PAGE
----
Speaker1: [00:41:55] That up. But there was one question that your team had submitted to me that I just have to get the answer to and I want to say it. I want to make sure I say it right. Ok. I am so interested in what you’re going to say about this. Why do you say that willpower and discipline are overrated?
Speaker3: [00:42:12] Because they don’t really exist. And I think truly, we look at discipline, we look at willpower like, Oh, I need more of that. I equate discipline and willpower to white couches. Ok, so bear with me here. I go online and I look at these images of these white couches and I’m like, Oh, that look so good. Look how beautiful that looks. And then I remember that I have a dog, a cat. I have two kids. We like to have popcorn and watch movies on the couch. A white couch for me would be a nightmare. Yes, it looks beautiful in the pictures, but that’s not really
Speaker2: [00:42:43] Fitting what I truly
Speaker3: [00:42:45] Want in my life. I love that we pile on the couch.
Speaker2: [00:42:47] I love how we live our life.
Speaker3: [00:42:50] Right. So the white couch doesn’t really work, and that’s what discipline looks like. It looks amazing, but I don’t want discipline that sounds like no fun. There’s no room for spontaneity and creativity. It’s like, I do this and then
Speaker2: [00:43:00] I do that. I do this right
Speaker3: [00:43:01] And it feels very boring. Quite frankly
Speaker2: [00:43:05] And
Speaker3: [00:43:06] Truthfully, willpower and discipline
Speaker2: [00:43:08] Don’t exist in the real world.
Speaker3: [00:43:10] What we’re seeing when we see somebody who is who looks disciplined is they’re doing a series of habits that they do, which creates a routine and habits are incredibly easy to create. That’s one of the things I dove into in my first book in the joy of Missing Out How We Establish Habits.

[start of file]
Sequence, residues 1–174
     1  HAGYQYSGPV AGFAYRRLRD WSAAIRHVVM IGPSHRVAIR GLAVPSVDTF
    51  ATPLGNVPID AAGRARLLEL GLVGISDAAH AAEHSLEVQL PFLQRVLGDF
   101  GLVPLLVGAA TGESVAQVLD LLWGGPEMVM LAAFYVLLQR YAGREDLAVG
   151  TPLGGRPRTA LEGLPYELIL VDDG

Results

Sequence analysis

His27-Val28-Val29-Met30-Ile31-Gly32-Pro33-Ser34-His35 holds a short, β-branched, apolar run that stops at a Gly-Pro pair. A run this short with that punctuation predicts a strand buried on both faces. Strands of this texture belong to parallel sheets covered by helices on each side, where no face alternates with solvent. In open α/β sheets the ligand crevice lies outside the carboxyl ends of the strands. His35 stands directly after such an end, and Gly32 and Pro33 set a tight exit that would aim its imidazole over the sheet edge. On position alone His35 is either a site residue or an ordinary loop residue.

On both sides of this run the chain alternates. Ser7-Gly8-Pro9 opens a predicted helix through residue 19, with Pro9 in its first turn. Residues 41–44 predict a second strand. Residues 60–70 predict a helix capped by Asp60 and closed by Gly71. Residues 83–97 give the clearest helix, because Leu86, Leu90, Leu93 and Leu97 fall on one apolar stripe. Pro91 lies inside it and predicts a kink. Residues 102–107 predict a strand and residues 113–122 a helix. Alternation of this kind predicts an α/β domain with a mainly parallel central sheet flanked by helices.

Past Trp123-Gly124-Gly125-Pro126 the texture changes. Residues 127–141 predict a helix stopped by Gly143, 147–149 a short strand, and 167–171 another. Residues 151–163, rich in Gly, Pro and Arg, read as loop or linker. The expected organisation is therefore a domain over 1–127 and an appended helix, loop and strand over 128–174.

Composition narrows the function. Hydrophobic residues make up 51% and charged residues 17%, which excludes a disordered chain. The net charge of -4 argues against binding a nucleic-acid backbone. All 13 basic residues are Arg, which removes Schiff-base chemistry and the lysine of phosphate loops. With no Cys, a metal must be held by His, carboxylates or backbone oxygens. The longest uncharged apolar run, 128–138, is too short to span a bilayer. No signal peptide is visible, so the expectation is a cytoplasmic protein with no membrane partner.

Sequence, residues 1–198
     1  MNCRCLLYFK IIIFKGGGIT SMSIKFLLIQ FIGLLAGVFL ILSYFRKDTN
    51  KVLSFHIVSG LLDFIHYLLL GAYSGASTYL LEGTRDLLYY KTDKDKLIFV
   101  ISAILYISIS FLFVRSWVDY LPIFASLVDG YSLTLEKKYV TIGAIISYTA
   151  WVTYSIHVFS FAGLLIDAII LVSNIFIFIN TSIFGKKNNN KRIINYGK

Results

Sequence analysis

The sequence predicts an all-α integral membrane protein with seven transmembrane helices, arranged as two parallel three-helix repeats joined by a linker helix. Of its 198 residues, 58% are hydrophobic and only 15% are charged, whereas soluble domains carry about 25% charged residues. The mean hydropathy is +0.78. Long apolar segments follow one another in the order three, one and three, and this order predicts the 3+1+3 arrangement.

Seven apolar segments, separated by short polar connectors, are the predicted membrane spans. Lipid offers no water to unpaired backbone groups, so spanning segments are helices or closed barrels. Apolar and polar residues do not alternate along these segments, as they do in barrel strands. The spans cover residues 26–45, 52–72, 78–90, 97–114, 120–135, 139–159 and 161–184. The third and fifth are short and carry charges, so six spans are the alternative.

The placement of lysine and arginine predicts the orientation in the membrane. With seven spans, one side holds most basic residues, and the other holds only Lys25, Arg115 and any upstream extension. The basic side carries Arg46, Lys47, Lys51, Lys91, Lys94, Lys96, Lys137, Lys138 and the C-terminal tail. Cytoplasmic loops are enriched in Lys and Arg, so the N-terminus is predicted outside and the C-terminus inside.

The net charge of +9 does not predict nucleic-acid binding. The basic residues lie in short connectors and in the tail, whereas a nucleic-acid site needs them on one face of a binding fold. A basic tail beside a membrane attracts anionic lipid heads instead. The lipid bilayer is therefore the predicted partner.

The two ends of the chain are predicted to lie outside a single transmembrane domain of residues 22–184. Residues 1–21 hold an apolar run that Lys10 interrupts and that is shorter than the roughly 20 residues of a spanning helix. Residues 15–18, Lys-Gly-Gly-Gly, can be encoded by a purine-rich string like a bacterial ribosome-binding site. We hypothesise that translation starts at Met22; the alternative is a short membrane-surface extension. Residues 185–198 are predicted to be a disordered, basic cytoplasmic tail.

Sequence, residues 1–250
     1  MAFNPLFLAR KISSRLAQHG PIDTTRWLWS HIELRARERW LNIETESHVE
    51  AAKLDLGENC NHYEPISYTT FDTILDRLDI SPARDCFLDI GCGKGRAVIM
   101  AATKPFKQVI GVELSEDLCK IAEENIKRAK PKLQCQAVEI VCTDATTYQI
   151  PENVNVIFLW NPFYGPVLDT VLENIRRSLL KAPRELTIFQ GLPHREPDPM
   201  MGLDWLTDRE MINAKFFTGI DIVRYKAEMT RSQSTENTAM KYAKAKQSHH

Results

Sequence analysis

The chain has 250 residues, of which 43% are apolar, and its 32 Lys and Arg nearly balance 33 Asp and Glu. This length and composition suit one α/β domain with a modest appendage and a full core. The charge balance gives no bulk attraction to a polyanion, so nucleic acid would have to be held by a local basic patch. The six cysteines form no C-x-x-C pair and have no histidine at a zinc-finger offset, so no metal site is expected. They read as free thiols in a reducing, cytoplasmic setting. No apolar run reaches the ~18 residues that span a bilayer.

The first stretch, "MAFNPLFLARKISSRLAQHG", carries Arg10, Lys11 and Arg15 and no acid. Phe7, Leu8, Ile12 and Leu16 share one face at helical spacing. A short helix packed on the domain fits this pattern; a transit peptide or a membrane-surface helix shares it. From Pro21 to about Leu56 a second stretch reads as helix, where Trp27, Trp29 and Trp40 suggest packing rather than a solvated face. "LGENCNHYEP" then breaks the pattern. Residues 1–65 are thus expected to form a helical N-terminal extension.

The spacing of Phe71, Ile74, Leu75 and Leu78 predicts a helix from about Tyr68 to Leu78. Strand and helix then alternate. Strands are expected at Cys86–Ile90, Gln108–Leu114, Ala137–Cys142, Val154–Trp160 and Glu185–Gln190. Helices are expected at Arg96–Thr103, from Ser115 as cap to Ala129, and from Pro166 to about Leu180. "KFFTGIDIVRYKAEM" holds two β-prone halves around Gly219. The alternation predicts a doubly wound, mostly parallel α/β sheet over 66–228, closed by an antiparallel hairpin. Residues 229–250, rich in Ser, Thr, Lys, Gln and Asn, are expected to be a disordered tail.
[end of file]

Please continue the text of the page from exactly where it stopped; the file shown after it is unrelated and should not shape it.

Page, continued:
Speaker2: [00:43:27] It’s forty five
Speaker3: [00:43:27] To 60 percent of our daily actions are habits, things that we’re already doing as habits. We just don’t even realizing right, that we always put on our first like the first leg you put in your pants is always the same leg. You always tie the same shoe first. You just don’t think about it. Your brain just does it
Speaker2: [00:43:42] As a shortcut, right?
Speaker3: [00:43:44] So we don’t need discipline. We don’t need willpower. All we need to do is to create a little bit of forward momentum, choose a small habit to start with. And then that feeling of being quote unquote disciplined or willpower will follow. So people like to say that they’re stuck or they can’t do these things. The truth is the opposite of stuck is not unstuck. The opposite of stuck is action. So choose a tiny action that you can do. So if you think I’m the worst with money, I just can’t figure out money. I’m the worst. And that’s how you identify create a small habit, a tiny habit, something that’s easy to do. Reconcile your account twice a week, once on Tuesday,
Speaker2: [00:44:22] Once on Friday or just once on Friday.
Speaker3: [00:44:24] Write Spend 15 20 minutes reconciling your accounts on Financial Friday. Get that done. After a couple of weeks, you’ve set that habit. Oh, today’s Friday, so I know I’m going to go through the account. Suddenly, you’re not the worst with money. Suddenly you’re like, Oh, I’m a person who reconciles their account. Look at my accounts. They’re amazing because once you do it once and you’re doing it the following week, easy. If you say you’re the most unorganized person, start with something small. Make your bed right that takes maybe 90 seconds to do. You make your bed every day and suddenly after a week of making your bed and every time you walk in that room, you know how that feels. Oh, this is amazing. Feels so good, right? Small, tiny habit. But now you’re no longer a disorganized mess. Now you’re a person who makes your bed every day. So we take that little tiny habit and we build off of it and we build off of it and we build off of it. And all of a sudden you change how you identify yourself, and that changes everything.